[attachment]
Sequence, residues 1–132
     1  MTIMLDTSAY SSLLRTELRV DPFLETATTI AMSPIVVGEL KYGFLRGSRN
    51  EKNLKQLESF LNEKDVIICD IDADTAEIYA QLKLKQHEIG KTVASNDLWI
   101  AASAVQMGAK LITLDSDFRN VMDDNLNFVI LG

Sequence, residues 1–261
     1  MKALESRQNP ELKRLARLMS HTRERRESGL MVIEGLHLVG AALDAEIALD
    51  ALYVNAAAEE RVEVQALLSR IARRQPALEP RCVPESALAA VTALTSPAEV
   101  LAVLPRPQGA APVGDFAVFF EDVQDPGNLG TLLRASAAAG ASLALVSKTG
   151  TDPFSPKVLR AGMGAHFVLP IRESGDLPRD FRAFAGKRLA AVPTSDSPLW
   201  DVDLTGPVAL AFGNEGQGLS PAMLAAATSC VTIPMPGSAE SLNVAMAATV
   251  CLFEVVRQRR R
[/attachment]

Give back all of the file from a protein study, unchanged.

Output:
Sequence, residues 1–132
     1  MTIMLDTSAY SSLLRTELRV DPFLETATTI AMSPIVVGEL KYGFLRGSRN
    51  EKNLKQLESF LNEKDVIICD IDADTAEIYA QLKLKQHEIG KTVASNDLWI
   101  AASAVQMGAK LITLDSDFRN VMDDNLNFVI LG

Sequence, residues 1–261
     1  MKALESRQNP ELKRLARLMS HTRERRESGL MVIEGLHLVG AALDAEIALD
    51  ALYVNAAAEE RVEVQALLSR IARRQPALEP RCVPESALAA VTALTSPAEV
   101  LAVLPRPQGA APVGDFAVFF EDVQDPGNLG TLLRASAAAG ASLALVSKTG
   151  TDPFSPKVLR AGMGAHFVLP IRESGDLPRD FRAFAGKRLA AVPTSDSPLW
   201  DVDLTGPVAL AFGNEGQGLS PAMLAAATSC VTIPMPGSAE SLNVAMAATV
   251  CLFEVVRQRR R